Difference between revisions of "Modified Korteweg-de Vries equation"

From DispersiveWiki
(Miura transform)
(One intermediate revision by the same user not shown)
Line 11: Line 11:
<span class="GramE">is</span> very similar, but admits soliton solutions.
<span class="GramE">is</span> very similar, but admits soliton solutions.
== Miura transform ==
The modified KdV equation is related to the [[KdV]] equation via the [[Miura transform]].
In the defocusing case, the ''Miura transformation'' <math> v = \partial_x u + u^2 </math> transforms a solution of <span class="SpellE">defocussing</span> <span class="SpellE">mKdV</span> to a solution of [#kdv <span class="SpellE">KdV</span>]
<center><math>\partial_t v + \partial_x^3 v = 6 v \partial_x v</math>.</center>
Thus one expects the LWP and GWP theory for <span class="SpellE">mKdV</span> to be one derivative higher than that for <span class="SpellE">KdV</span>.
In the focusing case, the Miura transform is now <math>v = \partial_x u + i u^2</math>. This transforms <span class="SpellE">focussing</span> <span class="SpellE">mKdV</span> to ''complex-valued'' <span class="SpellE">KdV</span>, which is a slightly less tractable equation. (However, the transformed solution v is still real in the highest order term, so in principle the real-valued theory carries over to this case).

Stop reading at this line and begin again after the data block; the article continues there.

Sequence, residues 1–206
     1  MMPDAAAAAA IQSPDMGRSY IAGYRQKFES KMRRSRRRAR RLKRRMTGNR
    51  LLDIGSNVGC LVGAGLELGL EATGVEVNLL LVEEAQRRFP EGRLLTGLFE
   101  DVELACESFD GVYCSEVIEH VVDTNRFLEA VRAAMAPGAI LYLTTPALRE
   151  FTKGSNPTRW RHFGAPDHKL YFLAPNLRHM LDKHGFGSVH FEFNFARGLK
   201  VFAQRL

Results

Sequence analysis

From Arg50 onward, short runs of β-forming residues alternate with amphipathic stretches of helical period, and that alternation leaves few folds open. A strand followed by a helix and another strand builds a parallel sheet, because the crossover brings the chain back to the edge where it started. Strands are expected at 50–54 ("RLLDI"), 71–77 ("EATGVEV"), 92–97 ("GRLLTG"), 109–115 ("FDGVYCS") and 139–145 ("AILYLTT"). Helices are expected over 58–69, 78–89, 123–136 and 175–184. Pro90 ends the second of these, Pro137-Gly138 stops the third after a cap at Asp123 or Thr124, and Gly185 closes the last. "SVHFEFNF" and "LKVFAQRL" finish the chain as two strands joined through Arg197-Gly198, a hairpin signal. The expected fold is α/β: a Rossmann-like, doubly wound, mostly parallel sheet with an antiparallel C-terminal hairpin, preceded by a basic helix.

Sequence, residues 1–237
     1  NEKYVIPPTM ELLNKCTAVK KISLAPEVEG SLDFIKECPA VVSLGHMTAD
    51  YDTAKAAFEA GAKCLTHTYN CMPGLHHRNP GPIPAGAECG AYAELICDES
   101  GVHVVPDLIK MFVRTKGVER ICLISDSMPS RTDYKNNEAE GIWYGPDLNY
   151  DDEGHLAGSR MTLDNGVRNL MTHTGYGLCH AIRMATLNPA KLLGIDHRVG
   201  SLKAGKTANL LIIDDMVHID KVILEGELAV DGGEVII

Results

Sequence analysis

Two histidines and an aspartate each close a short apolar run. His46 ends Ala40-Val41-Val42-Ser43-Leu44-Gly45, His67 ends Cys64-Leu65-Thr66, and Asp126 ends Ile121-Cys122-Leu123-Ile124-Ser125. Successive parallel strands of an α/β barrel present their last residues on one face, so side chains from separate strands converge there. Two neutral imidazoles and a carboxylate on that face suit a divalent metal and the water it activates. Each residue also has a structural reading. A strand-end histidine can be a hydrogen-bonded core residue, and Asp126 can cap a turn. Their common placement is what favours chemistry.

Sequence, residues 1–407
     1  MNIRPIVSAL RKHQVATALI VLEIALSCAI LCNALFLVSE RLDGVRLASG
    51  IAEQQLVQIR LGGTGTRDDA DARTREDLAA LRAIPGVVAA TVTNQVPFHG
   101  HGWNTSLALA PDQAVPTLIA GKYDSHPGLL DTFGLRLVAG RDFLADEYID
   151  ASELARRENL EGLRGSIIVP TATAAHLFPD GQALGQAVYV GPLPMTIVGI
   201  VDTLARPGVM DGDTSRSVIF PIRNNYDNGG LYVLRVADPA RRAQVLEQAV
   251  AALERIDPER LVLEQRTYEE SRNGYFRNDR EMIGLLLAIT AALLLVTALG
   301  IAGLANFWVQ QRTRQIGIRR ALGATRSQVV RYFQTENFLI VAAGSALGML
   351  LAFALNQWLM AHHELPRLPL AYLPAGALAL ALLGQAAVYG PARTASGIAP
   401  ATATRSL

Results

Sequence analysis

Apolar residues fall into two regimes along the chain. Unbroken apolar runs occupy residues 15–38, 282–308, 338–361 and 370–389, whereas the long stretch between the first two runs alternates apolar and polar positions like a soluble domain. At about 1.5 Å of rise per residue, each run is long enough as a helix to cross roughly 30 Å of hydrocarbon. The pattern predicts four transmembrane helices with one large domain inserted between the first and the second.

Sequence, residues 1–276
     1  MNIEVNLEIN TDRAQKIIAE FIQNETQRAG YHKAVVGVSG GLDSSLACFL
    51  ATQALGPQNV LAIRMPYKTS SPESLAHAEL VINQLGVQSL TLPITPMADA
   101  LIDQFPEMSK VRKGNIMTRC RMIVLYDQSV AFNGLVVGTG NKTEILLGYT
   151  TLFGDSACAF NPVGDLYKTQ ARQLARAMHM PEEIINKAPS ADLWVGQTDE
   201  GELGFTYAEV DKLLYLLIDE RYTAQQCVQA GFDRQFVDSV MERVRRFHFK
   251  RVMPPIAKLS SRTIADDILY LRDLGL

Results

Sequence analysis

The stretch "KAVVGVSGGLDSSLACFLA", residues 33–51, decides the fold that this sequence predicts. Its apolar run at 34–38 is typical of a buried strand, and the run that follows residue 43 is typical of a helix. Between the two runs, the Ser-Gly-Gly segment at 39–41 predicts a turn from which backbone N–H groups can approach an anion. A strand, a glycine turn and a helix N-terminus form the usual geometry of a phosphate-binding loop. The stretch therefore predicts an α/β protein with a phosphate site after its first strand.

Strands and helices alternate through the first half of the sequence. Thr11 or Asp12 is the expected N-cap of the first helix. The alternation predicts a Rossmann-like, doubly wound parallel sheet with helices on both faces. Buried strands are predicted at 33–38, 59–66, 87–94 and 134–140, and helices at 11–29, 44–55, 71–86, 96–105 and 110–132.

The Miura transformation can be generalized. If v and w solve the system
<center><math>\partial_t v + \partial_x^3 v = 6(v^2 + w) \partial_x v</math><br /><math>\partial_t w + \partial_x^3 w = 6(v^2 + w) \partial_x w</math></center>
Then <math>u = v^2 + \partial_x v + w </math> is a solution of <span class="SpellE">KdV</span>. In particular, if a and b are constants and v solves
<center><math>\partial_t v + \partial_x^3 v = 6(a^2 v^2 + bv) \partial_x v</math></center>
<span class="GramE">then</span> <math>u = a^2 v^2 + a \partial_x v + bv</math> solves <span class="SpellE">KdV</span> (this is the ''Gardener transform'').

Latest revision as of 07:41, 31 July 2006

The (defocusing) modified Korteweg-de Vries (mKdV) equation is

It is completely integrable, and has infinitely many conserved quantities. Indeed, for each non-negative integer k, there is a conserved quantity which is roughly equivalent to the H^k norm of u. This equation has been studied on the line, on the circle, and on the half-line.

The focussing mKdV

is very similar, but admits soliton solutions.

The modified KdV equation is related to the KdV equation via the Miura transform.